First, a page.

I think that's the broader sort. of like a cultural place that we're in that the moment I think if you look back over the 20th century, I know when you've had significant changes and you know, you've had growth of lots of welfare state after the Second World War and new consensus in Europe and globally and you've had new global trade open up, you've had the new treaties between different countries, and more and more interconnectedness. And there was very much I think that you know, you've had the social movements as well. You've had civil rights movement. You've had movements for indigenous rights in Australia and other places, and those things have created enormous change and I think, you know, the end of the 60s was this period where it people felt enormous hope and there had been huge trend. And then you had the sort of 70s and he had oil crises and economic depression and things that really turned the other way and people maybe started to lose hope and then you've had you know, successive generations where we've had incredible growth on the back of globalisation. And that's really a portion of people have done really well from that. But then on the reverse side, we're starting to see actually, there's been negatives to that and there's, there's been unaccounted for externalities that are now starting to really show that leads to a place where having, whether we've had those experiences or we've learned about them from others, and we've we've moved through those different sort of levels of thinking. I think where we are today, there is hope, but there's also a lot of evidence that there's a lot of quite negative things already built into the system like the sort of climatic system and the various other sort of planetary boundaries that we have. I think I saw a report this week that all but one of the planetary boundaries is has been breached for scientists, saying that the evidence is sort of showing and I guess that moves us into a space that we don't really know exactly what's going to be happening in terms of those things. And what does that mean for how we invest and how governments operate? And how that sort of a social contract operates with with with citizens as well because I think people have a right to expect to, you know, be able to breathe the air outside and to be able to get clean water out of their, their taps and things like that. And we look at that and not even and that's just in the developed world, right? If we look at the emerging markets and developing world, there's so many people who don't even have have those things yet. So I think that there's a lot of things that we can look at that we can get really down about and to think maybe that's intractable. Maybe things don't change. But then we can also get I think we can get hope from the fact that humans can imagine a different way and they can find a different way to work together and different ways of cooperating and that has happened. You know, even in the past century, even look at those significant points of change in sort of broader consensus in regions or even globally. SoServane Mouazan:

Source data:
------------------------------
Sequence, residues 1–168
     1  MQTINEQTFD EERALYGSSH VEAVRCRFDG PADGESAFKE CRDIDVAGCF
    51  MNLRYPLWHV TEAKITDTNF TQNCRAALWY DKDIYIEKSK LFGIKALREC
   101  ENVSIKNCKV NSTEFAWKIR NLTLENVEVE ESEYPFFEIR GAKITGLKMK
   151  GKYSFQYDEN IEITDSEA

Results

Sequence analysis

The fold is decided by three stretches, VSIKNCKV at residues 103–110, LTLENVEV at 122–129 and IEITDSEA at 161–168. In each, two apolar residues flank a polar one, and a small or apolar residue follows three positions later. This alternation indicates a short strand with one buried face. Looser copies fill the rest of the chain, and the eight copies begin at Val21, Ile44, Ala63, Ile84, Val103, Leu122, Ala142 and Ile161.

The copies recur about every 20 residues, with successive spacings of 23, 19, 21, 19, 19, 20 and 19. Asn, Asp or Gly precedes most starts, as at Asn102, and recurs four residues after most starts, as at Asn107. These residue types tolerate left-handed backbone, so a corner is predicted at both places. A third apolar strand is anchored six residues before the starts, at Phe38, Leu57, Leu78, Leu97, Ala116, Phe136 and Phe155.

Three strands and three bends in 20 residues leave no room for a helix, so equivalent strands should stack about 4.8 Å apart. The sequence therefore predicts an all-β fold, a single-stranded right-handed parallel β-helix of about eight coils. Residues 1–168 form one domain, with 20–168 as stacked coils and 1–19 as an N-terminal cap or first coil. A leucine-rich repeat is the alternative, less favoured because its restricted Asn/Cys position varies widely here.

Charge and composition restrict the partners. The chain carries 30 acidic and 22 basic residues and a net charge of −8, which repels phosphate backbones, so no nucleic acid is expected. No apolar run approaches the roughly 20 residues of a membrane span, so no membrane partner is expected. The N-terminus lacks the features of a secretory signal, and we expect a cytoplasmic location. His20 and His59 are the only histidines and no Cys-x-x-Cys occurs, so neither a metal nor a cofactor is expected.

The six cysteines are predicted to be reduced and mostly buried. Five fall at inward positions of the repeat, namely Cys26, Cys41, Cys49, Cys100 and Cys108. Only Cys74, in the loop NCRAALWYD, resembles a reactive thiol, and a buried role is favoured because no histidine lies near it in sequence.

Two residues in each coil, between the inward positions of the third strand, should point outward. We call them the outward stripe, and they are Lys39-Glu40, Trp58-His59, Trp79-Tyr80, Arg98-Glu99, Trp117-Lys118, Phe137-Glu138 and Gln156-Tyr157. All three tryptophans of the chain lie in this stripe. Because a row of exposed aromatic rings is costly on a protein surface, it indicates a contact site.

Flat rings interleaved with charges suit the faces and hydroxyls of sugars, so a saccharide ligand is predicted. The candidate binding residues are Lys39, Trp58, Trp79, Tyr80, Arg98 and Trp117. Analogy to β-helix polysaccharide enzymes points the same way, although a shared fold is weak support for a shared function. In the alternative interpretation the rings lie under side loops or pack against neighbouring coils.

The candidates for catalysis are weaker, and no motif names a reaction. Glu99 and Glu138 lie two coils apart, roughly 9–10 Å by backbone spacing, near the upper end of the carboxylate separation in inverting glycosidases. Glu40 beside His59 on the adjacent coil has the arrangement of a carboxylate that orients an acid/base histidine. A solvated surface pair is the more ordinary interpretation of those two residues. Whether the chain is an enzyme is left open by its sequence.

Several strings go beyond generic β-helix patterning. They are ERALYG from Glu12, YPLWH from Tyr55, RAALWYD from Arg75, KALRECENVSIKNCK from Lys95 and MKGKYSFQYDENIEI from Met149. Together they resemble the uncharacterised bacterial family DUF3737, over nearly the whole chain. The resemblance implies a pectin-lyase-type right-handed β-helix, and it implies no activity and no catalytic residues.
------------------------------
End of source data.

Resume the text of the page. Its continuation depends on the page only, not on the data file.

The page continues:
linking inspiration from history and the power of imagination.Amanda Latham: